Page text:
|Institution:||Wake Forest University|
|Full text PDF:||http://hdl.handle.net/10339/39393|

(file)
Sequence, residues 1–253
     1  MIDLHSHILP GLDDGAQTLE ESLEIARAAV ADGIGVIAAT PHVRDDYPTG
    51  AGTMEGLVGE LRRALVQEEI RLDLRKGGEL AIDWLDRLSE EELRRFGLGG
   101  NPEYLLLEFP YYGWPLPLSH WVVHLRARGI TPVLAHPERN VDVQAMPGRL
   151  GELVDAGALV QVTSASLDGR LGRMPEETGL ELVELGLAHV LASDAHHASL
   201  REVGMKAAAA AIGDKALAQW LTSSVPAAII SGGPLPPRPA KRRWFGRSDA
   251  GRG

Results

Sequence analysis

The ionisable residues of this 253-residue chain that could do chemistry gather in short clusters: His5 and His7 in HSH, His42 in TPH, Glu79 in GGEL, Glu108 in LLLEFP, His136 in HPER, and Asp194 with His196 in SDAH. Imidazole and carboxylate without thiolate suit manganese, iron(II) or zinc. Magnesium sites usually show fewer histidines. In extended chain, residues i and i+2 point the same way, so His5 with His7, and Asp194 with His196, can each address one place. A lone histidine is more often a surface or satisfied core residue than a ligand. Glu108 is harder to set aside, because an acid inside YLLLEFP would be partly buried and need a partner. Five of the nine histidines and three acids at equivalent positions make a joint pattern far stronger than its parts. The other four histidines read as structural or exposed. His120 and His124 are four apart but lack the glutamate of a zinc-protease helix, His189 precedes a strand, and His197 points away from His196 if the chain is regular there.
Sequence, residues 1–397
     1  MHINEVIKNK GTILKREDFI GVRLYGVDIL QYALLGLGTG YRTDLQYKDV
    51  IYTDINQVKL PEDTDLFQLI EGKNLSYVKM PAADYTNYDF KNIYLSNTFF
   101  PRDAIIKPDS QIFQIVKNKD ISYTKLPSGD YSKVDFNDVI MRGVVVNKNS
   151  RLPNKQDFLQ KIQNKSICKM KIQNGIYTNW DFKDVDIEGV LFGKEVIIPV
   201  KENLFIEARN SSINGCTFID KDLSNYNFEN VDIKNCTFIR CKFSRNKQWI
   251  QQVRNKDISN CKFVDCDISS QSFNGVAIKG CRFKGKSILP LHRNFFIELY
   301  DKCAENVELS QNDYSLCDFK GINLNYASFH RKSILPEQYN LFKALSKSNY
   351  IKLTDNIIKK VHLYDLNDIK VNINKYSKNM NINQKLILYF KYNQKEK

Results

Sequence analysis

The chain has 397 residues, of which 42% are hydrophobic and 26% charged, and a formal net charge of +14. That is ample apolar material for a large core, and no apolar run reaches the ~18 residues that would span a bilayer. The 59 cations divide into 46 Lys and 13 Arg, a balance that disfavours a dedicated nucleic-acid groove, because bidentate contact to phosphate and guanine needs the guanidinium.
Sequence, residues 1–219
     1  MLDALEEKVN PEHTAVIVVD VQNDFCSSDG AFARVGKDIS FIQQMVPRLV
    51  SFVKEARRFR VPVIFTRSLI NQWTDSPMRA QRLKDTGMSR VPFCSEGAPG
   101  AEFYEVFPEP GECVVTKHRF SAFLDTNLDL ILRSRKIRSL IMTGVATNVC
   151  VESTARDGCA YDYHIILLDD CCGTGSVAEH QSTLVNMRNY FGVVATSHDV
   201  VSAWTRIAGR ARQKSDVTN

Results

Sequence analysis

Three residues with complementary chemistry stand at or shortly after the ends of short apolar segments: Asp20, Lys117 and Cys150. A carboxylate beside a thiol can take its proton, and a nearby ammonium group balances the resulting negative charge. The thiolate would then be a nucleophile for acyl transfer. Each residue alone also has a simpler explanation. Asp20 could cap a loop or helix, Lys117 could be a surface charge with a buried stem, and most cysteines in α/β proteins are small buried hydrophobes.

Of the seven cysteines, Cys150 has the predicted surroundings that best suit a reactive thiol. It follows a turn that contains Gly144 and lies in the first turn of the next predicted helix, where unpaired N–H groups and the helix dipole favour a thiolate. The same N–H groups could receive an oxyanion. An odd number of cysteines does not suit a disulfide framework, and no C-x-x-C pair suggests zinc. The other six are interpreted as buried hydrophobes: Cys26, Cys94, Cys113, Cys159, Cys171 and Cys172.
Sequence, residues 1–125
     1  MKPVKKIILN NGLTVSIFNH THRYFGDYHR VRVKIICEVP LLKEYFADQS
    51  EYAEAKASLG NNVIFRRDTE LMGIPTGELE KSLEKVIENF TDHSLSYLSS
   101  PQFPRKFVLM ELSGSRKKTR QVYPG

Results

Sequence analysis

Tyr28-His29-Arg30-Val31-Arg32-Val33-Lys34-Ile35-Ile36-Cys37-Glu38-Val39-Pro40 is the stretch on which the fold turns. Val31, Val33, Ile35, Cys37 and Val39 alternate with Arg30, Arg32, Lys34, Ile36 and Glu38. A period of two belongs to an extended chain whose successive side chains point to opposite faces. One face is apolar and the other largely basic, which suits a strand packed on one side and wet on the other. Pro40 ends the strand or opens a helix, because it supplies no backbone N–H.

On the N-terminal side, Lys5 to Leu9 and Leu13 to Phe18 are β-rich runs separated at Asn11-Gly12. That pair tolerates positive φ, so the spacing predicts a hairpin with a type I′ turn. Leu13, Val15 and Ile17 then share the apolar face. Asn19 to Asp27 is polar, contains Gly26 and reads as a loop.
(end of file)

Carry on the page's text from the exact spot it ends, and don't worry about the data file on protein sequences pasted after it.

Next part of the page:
This study aims to identify early developmental processes that may be affected by the experience of pediatric cancer in young children, with particular focus on emotion regulation, executive functioning, and identifying the intentions of others. Additionally, it was hypothesized that parents of children with and without a history of pediatric cancer would have differing perceptions of their children. Thirty-nine children with a history of pediatric cancer and 40 children without a history of pediatric cancer, ages 4-7, were recruited for the current study. The children completed 4 tasks: the Peabody Picture Vocabulary Test, Silly Sounds, Secret Sharing, and Identifying Intentionality. Parents were asked to complete brief questionnaires. Differences were found between various parent measures as well as cognitive ability and identifying intentionality. However, there were fewer differences than expected. Despite a potentially stressful and emotional pediatric cancer experience, results from this study suggest that certain developmental processes are unaffected by the child's history of pediatric cancer.